Wednesday, August 22, 2012

Elder Abuse In Your Own Home

Article originally printed in The Eagle-Tribune on July 29, 2012 By Erica Moura, Pamela Cyran, Shuyi Wang and Jan Brogan. Excerpts are given below, and full article can be found here.

When Chris Sergio hired someone to take care of his elderly mother on the three days a week his father was undergoing dialysis treatment, he thought he was taking the necessary precautions. He turned to Old Colony Elder Services, a nonprofit organization that provides elder care services to 23 cities and towns, which gave him a list of three agencies. He chose Home Instead Senior Care of East Bridgewater, a well-established company with a good reputation both locally and nationally, according to Diana L. DiGiorgi, executive director of Old Colony.

Home Instead sent Debra Blair Belcher, a home care aide, to provide non-medical assistance to Sergio’s mother, who suffers from dementia.Belcher seemed like a perfect fit until Sergio’s parents noticed that their wedding rings and pieces of silverware were missing from their Middleboro home.“I was furious with her for taking advantage of a person with dementia, and she did it on a weekly basis,” said Sergio, who said thousands of dollars worth of jewelry and flatware was stolen.  Belcher, who was charged under her maiden name Debra Blair, was found guilty of larceny from a person older than 60–years-old in Wareham District Court last year. Later, in Brockton District Court, she was convicted of similar charges after other clients in Abington, East Bridgewater and Brockton brought similar complaints. She was to serve one year behind bars and is now out on probation until June 2013.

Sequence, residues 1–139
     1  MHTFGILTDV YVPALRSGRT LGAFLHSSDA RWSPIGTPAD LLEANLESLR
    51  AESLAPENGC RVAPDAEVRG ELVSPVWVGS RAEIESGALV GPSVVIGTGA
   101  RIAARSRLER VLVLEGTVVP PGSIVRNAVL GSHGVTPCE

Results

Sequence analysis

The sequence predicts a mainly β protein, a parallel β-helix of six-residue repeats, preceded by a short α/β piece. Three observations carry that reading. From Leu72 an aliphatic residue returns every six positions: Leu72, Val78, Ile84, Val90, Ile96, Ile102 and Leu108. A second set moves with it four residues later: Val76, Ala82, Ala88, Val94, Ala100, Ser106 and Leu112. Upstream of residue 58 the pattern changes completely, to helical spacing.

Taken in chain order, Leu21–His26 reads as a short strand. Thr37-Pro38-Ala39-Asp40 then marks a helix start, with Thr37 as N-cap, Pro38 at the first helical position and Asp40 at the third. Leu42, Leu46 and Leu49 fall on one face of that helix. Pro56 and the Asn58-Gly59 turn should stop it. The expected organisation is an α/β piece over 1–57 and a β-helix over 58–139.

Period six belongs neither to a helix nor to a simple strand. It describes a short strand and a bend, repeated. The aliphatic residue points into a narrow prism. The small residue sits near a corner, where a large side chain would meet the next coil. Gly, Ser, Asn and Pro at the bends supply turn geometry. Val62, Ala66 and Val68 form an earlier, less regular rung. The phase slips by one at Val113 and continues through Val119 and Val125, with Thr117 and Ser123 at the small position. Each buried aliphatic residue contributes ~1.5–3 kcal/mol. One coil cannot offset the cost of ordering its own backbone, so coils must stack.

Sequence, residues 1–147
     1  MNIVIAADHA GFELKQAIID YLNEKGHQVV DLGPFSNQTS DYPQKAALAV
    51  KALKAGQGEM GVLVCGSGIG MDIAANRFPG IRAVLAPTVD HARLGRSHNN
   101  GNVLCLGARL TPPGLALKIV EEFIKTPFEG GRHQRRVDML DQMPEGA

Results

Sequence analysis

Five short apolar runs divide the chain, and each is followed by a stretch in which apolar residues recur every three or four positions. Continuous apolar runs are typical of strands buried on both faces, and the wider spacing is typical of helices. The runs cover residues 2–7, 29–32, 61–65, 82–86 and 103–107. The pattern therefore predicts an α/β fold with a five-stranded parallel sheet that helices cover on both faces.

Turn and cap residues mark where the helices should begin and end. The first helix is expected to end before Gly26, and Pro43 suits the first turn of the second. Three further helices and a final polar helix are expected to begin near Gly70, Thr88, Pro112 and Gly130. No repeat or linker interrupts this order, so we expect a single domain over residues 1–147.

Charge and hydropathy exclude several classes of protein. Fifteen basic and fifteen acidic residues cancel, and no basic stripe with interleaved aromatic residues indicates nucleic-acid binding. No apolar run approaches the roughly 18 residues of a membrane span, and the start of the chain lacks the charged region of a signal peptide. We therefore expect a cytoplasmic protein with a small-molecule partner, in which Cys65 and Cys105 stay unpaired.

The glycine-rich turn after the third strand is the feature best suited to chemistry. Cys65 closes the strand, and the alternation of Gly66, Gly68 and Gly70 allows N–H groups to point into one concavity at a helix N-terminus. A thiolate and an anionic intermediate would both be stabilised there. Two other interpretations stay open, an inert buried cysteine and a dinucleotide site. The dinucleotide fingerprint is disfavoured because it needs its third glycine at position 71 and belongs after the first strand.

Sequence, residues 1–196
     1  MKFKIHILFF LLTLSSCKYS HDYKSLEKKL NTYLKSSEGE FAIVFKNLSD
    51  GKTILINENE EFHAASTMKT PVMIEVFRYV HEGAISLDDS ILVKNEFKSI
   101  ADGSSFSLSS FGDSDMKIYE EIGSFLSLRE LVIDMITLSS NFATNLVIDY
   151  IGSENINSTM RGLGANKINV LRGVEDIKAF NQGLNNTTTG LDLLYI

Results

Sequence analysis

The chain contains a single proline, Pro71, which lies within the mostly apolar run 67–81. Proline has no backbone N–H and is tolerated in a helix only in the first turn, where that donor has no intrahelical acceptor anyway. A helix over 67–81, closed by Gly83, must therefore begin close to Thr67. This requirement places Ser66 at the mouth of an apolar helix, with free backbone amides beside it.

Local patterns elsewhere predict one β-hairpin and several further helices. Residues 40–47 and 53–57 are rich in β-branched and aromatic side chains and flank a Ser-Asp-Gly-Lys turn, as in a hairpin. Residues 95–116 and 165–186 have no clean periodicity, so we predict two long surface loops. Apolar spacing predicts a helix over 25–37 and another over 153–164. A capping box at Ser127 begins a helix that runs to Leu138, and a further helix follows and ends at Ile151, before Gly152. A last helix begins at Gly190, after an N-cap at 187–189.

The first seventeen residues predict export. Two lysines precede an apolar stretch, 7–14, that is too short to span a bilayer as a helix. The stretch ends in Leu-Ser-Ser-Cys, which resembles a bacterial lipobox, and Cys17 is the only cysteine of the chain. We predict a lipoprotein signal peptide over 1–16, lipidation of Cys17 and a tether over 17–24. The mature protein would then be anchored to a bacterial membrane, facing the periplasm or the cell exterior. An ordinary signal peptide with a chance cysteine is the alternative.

The Belcher case illustrates the risks the elderly face in an era when an increasingly aging population would rather live at home with an infirmity than move into a nursing home. When reimbursed by Medicare and Medicaid, home health agencies fall under federal regulation and state oversight. Although reports about elder abuse and theft are lodged with both the Department of Public Health and the Executive Office of Elder Affairs, no single agency in state government is tracking either the total number of complaints involving private-pay home care workers or the type of complaints.

“In a state that licenses hairdressers, you would think that they would want more oversight of the people who take care of the elderly in their homes,” said Timothy Burgers, associate director for the Home Care Alliance, a statewide home care trade association that is drafting a bill for the 2013 legislative session. The Home Care Alliance, which represents both Medicare-certified home health care and unregulated direct pay agencies, would like to see one state agency dedicated to the oversight of the industry. It also wants the state to set minimum standards for employee qualifications, training and supervision. A similar bill that the Alliance supported in 2007 died in committee.

Nationally, MetLife Insurance, in partnership with researchers at the Virginia Polytechnic Institute and the University of Kentucky, monitored the National Center on Elder Abuse’s newsfeed for three months period in 2010. During that period, family, friends, neighbors and caregivers committed 34 percent of reported financial crimes against the elderly. Slightly more than 20 percent of them were paid caregivers, according to detailed statistics provided by Shalana N. Morris, MetLife spokeswoman.

No comments:

Post a Comment